Employers falling short in employee recognition, rewards

Employees overwhelmingly want recognition from their employers but don’t feel like they are getting it, according to data.

A survey from Blackhawk Network, a payments provider, finds that roughly 80% of employees say it’s important for employers to celebrate workplace accomplishments, anniversaries and achievements, and more than 86% said they want their employer to express appreciation for their personal contributions. Yet more than 40% of respondents say their employer does not offer an incentive/rewards program or recognize employees.

The data comes in time for National Employee Appreciation Day, which is observed March 5.

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“Incenting and recognizing employees is vital to engagement–especially amid the new working environment many of us are now in–and many employers are missing this opportunity to boost loyalty and retention,” says Jeff Haughton, senior vice president of incentives, corporate development and strategy at Blackhawk Network.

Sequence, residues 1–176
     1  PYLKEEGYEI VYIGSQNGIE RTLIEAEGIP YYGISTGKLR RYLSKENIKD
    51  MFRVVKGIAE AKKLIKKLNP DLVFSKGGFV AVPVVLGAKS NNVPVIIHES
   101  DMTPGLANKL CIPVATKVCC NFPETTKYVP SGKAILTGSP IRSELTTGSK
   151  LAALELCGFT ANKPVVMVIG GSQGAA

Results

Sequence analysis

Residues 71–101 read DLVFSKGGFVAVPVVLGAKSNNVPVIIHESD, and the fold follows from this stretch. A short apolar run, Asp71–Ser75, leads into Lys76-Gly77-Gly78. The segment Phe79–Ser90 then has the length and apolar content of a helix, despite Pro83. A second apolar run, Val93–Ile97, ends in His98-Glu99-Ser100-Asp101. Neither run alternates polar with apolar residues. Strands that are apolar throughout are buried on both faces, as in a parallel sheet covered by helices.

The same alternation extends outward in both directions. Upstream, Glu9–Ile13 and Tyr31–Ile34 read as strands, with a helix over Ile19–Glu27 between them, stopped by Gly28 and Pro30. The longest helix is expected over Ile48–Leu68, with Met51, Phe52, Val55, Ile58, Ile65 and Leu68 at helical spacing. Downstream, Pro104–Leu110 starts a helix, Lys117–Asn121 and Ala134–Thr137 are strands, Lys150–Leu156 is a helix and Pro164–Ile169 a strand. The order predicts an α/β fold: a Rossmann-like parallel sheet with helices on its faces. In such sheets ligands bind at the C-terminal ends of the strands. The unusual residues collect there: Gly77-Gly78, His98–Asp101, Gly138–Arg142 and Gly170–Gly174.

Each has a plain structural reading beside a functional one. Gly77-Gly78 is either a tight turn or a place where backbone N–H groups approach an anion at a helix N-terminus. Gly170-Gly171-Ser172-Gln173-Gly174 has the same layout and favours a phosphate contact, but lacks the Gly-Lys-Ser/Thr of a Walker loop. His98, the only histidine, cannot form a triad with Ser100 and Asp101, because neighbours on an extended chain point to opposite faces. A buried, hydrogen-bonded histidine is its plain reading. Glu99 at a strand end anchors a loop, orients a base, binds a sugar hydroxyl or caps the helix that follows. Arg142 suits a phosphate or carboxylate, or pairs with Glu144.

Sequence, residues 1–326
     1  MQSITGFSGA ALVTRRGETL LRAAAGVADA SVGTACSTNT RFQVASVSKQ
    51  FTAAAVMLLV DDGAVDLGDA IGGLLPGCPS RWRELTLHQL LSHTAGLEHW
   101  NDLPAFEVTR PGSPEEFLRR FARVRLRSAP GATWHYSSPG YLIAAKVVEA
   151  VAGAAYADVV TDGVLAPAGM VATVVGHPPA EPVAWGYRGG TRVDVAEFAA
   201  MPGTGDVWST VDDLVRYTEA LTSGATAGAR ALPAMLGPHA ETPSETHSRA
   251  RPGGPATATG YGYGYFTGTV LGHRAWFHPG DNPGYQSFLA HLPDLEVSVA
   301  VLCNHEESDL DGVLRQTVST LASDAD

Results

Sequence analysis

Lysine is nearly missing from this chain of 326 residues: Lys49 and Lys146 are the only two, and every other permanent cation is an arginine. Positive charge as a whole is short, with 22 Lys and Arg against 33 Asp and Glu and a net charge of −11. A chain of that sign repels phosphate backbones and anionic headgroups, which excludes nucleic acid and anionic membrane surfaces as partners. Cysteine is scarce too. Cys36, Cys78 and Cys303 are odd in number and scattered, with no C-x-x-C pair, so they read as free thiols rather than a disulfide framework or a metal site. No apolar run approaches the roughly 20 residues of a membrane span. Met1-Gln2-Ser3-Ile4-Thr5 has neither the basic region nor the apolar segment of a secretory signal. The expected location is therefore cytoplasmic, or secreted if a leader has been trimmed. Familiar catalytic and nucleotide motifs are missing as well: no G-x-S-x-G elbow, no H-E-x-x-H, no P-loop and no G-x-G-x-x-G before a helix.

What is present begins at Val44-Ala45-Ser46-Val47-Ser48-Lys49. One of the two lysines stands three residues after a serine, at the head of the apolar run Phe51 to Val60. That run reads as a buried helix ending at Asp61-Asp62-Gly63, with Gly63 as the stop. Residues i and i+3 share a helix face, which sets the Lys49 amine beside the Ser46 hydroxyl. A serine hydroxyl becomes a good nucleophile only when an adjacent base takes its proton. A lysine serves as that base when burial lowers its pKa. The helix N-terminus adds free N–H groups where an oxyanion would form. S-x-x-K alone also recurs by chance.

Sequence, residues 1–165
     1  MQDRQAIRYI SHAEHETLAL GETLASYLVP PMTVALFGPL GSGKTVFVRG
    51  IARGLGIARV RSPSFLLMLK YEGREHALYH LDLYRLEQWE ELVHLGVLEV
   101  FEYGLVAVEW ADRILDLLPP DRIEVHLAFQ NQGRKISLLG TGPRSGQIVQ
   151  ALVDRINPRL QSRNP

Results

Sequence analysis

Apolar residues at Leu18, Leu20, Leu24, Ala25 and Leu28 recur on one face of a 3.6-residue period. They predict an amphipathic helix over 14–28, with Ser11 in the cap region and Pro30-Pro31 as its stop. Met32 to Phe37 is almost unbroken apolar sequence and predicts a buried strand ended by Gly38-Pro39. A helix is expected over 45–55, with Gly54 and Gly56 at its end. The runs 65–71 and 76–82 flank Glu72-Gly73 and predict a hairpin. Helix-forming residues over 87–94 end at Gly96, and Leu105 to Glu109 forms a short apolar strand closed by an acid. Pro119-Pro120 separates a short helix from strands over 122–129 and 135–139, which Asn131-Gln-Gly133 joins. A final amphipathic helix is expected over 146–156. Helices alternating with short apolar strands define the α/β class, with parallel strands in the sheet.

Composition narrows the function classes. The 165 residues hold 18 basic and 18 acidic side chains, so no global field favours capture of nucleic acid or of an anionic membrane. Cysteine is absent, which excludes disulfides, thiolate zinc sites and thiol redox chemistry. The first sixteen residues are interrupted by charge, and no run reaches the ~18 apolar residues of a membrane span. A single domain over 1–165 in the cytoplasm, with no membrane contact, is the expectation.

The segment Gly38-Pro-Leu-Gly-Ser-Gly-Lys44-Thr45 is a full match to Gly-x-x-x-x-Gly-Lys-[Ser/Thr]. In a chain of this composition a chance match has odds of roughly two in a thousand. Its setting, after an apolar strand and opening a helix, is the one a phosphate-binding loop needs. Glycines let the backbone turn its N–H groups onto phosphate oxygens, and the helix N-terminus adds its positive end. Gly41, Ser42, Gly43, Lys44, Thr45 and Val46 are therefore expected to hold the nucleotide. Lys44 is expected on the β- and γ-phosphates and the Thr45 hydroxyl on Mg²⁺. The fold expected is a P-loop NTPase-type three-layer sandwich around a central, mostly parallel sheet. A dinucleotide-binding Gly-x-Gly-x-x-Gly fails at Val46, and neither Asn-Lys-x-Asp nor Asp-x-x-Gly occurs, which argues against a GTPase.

So what do employees want as recognition? Most of all, they would like bonuses, cited by 66% of employees, though just 28% receive them from their employer. Other top incentives are time off work (42% would like time off work, just 15% are granted it); prepaid or gift cards (41% want them, 20% are awarded them); personalized cards or emails (33% want them, but 25% receive them); and being singled out at a company event or ceremony (only 19% of employees say they want this, though 27% are recognized this way).

The survey finds that not only do recognition and rewards make employees feel good about their employer, but they also can boost productivity. More than 80% of respondents indicated a gift or prepaid card incentive would increase productivity and loyalty, for instance.

“As employers design incentive programs this year, it is critical to select rewards that feel special, can be deployed quickly, and have digital redemption capabilities,” Haughton says.

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Kathryn Mayer
Kathryn Mayer is HRE’s former benefits editor and chair of the Health & Benefits Leadership Conference. She has covered benefits for the better part of a decade, and her stories have won multiple awards, including a Jesse H. Neal Award and honors from the American Society of Business Publication Editors and the National Federation of Press Women. She holds bachelor’s and master’s degrees from the University of Denver.